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Recently, I was dumped. Not by a lover, but by a friend. Yet, strangely enough, I felt quite serene.
Of course, I think it's a shame that this long-standing friendship is lost and broken, but I'm okay and accept that I have been excluded.
It was a slippery slope on a pandemic night, when everyone was feeling sick and emotional. The same state of mind we've all been in for the past two years!
We were in a blur of green-orange zoning. Remember that time when the colour of our region determined the number of guests we were allowed to have inside?
I had sent out the invitations for my holiday dinner when the zoning was hopeful. A few days before the big day, my city and the surrounding area turned orange. We would we were a few heads over the number of people allowed. A friend of mine mentioned the possible fines and other potential "stressors". Since the containment, limited freedom allowances and then re-confinement, I had my nerves on edge, I foolishly replied that everyone was in control of their decisions and if they wanted to opt out, that would allow us to meet the allowed ratio.
My reaction was super flat, and I admitted my mistake. Several days later, I picked up the phone to apologetically explained my mistake to my invitees. Once was no longer a friend that I was in frequent contact with, but I felt it was important to reconcile with him. A few minutes after this verbal exchange, this friend wrote me that he was very happy with this outcome and that we had done well to discuss. Communication can sometimes be beneficial! That was ancient history.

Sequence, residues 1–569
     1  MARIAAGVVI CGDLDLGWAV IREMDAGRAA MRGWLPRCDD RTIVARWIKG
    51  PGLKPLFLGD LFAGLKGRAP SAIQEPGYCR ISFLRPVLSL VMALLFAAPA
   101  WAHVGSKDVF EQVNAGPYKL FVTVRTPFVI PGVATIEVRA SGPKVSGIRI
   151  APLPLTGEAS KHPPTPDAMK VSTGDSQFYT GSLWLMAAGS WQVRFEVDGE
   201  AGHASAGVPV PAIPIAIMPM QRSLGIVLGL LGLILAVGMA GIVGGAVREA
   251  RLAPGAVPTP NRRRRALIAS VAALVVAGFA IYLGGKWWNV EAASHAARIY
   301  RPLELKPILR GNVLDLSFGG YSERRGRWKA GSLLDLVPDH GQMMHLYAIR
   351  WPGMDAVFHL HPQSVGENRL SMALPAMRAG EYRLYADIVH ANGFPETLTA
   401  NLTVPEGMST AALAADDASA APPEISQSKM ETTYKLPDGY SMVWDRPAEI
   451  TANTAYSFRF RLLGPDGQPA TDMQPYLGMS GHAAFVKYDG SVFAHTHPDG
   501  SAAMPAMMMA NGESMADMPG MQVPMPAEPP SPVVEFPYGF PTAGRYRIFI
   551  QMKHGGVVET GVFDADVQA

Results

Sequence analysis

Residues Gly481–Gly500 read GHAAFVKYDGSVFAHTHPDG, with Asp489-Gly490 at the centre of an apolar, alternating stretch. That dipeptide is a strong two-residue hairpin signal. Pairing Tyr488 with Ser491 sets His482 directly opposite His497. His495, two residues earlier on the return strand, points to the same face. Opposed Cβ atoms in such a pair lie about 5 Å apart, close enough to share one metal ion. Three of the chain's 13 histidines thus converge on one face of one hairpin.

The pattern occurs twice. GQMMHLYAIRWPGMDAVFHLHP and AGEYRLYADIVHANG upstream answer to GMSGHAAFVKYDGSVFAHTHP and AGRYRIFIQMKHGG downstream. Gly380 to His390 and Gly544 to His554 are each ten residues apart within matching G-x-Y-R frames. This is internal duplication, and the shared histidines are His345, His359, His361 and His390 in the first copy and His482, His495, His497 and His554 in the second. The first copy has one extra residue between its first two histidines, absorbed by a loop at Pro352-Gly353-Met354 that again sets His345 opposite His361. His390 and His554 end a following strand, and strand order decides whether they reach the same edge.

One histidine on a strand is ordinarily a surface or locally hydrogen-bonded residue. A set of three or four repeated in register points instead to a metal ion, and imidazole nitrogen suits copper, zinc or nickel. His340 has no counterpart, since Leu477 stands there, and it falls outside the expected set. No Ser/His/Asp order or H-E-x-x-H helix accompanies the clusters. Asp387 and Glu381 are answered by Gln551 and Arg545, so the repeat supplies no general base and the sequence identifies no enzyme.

Imagine my incomprehension when almost a year later, inviting all my friends to a festive barbecue (and respecting the sanitary measures in effect), I did not receive a reply from him. It had been so long since I had heard from him! I had written him at his party to congratulate him on his new musical project. I had received a positive response, with a smile emoji, but nothing more. Was he disappointed that I didn't check up on him more often? At the same time, the pandemic meant that I had been discreet with quite a few people.
"Here, there could have been perception checkers," explains psychologist Josée Jacques. "It's done in three simple steps: you describe the facts (I sent you a message and I didn't get a response), you offer two interpretations (are you still angry or did you not see my message because you're too busy?) and you verify what it is. Checking prevents us from being left with false interpretations."
Shortly after the invitations were sent, a friend went to dinner with this friend's partner, who had become mute. And that's how I learned that our squabble. Which in my mind was a done deal, but yet was not a done deal after all. That this friend had cut me out of his life. My first instinct, even though I was angry, was to want to resolve it. But, I changed my mind. What was there to fix? Hadn't everything already been said? What had happened in the year that we had barely spoken to each other to make it so bad?
"The question is always: Who's problem is it? If I don't own the problem, I don't have to fix it. That said, a lot of ambiguity can cause reflection and awareness. If you care about the relationship, you check without judgment: "I notice that you were a bit distant. Is it because you're angry at something I did or because you just need or want some time to yourself?" That's the ideal, but sometimes you don't care that much about the relationship. And if the other person doesn't seem to care or value it either, it may die on its own. We just don't know. "Maybe there will be a reunion one day," says the psychologist.
To me, I understood, between the lines, that his action was perhaps the pretext that this friend was waiting for to show me my value status on our relationship. And I understood that my inaction or unwillingness to try to convince him otherwise was also a sign that our friendship had reached the end of its life.